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The Official Blog for Commercial Real Estate

Tag: Congress

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President Joe Biden’s Opening Shot in 2025 Tax Fight

On March 11, President Joe Biden submitted his FY 2025 Proposed Budget to Congress. Unlike prior year budget proposals, this one is a setup for an unavoidable tax debate in 2025, when many of the tax provisions enacted during the Trump administration in the Tax Cuts and Jobs Act of 2017 will expire.

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Capitol building

An Action-packed Week in Washington

The quest to approve federal funding continued during another busy week in Washington, where lawmakers took up a $435 billion funding package that includes the FDA and a number of other departments. Also this week, 16 states and American Samoa held presidential primary elections, with 854 Republican and 1,420 Democratic delegates at stake.

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Capitol Hill visit

NAIOP Chapters Are Champions for CRE

Last week, hundreds of NAIOP members from the U.S. and Canada attended NAIOP’s Chapter Leadership and Legislative Retreat (CL&LR) in Washington, D.C., with the conference culminating in countless meetings with their elected representatives to advocate on behalf of the commercial real estate industry.

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Capitol Hill

Congress’ Full Plate and Election-year Politics Will Make 2024 a Busy Year

In any year with divided government, it is a challenge to achieve agreements on appropriations and tax policy, but this Congress is also faced with challenges of reaching agreements on border security, along with assistance to Israel, Taiwan and Ukraine. Margins in both the House and the Senate are narrow and the presidential election year shortens the legislative timeline before congressional re-election campaigns start in earnest.

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Capitol building

Steadfast Advocacy Remains Critical in a Difficult Congress

As 2023 comes to a close and we look ahead to the challenges facing commercial real estate in 2024, it is clear that persistent advocacy on the public policy front will be more important than ever to ensure that the interests of NAIOP members are protected. This is true of course at the state and local level, but it is at the federal level, where government gridlock has been most on display, that maintaining our strong advocacy will be critical.

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Capitol building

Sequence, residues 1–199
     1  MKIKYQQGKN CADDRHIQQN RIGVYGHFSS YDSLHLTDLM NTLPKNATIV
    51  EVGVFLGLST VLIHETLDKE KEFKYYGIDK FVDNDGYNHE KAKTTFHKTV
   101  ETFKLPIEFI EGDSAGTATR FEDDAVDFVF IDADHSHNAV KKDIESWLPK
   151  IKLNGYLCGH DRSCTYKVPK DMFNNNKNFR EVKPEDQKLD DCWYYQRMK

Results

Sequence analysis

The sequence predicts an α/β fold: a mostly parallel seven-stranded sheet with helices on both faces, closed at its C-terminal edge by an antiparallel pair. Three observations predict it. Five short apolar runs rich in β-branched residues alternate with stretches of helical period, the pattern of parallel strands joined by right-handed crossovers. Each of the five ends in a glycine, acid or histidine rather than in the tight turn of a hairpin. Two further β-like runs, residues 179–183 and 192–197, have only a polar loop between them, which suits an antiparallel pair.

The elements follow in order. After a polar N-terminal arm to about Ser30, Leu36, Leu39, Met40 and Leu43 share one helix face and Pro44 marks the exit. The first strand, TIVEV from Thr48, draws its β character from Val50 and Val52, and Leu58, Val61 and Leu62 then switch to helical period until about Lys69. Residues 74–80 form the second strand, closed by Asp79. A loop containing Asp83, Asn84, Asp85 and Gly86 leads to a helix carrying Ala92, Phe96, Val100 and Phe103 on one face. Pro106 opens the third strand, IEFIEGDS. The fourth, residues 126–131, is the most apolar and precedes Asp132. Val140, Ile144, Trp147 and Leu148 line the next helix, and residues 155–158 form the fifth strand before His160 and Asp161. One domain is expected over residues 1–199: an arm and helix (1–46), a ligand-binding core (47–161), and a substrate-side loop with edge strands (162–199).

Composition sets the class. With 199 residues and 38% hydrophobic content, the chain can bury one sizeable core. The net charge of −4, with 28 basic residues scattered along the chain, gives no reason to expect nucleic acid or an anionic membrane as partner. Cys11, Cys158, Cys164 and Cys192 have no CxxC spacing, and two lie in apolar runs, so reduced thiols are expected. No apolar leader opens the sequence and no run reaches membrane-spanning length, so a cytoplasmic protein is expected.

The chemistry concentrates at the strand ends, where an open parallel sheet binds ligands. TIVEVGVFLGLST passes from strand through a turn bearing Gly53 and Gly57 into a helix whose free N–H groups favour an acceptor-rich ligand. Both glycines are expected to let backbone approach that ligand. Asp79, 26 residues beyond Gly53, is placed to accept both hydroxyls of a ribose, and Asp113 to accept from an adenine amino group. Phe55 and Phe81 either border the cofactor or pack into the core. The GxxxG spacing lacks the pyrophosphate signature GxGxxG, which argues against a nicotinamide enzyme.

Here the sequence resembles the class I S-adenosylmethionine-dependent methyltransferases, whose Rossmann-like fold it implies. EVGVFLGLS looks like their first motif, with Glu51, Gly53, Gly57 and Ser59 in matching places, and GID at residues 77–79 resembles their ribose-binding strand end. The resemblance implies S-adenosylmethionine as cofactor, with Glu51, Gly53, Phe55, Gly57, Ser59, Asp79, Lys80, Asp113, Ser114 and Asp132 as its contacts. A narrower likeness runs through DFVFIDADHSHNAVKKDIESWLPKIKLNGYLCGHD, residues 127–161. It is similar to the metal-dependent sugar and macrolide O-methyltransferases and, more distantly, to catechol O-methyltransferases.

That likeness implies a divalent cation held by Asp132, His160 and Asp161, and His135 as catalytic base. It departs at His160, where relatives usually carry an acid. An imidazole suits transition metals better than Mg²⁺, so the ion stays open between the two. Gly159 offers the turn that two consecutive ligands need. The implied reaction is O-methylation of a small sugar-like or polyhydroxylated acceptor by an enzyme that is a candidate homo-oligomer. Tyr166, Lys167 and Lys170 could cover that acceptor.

Congress Avoids Government Shutdown but Must-Pass Legislation Remains

For the first December in recent years, Congress is no longer facing a government shutdown deadline. Prior to the Thanksgiving recess, Congress approved a two-tiered appropriations package. This “laddered” approach primarily funds domestic programs (such as housing, agriculture, transportation and infrastructure) until Jan. 19, 2024, and the remaining programs, including defense and homeland security, until Feb. 2, 2024. Year-end 2023 is not without its share of must-pass legislation, however.

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Capitol building in the fall

New House Speaker Johnson Faces Many Challenges

Following three weeks of negotiations and squabbling, House Republicans elected Louisiana Representative Mike Johnson to serve as the 56th Speaker of the House. This was a difficult time for House Republicans, who struggled to find a new speaker after eight of their members joined all House Democrats to abruptly oust McCarthy on Oct. 3.

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Capitol Hill hallway

Congress Fires Its Speaker

On Tuesday, Kevin McCarthy became the first speaker in the history of the United States to be removed from his office when eight Republicans, led by Rep. Matt Gaetz, and all 208 Democrats present in the House voted to support the motion to vacate. The final vote was 216- 210.

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Congress

No Guarantees for Year-end Tax Legislation

While fighting in Congress over spending bills is nothing new, the heated politics surrounding this year’s federal government funding battle, and the resulting animosity if a government shutdown does materialize, could linger well beyond October and make reaching agreement on a tax bill all the more challenging.

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Blue sky at the U.S. Capitol building

Swirling Political Forces Could Derail Passage of Federal Continuing Resolution

There are only 11 days when both the House and the Senate are scheduled to be in session before the current federal funding authorization expires. In most years, the House and Senate leadership would simply agree to a continuing resolution (CR) that maintains existing federal policy and holds funding at current levels for a certain period to prevent a government shutdown before Oct. 1. This year, however, is not following Congress’ standard operating procedure, and is reminiscent of the years when congressional leaders were powerless to rein in the political forces that led to government shutdowns.

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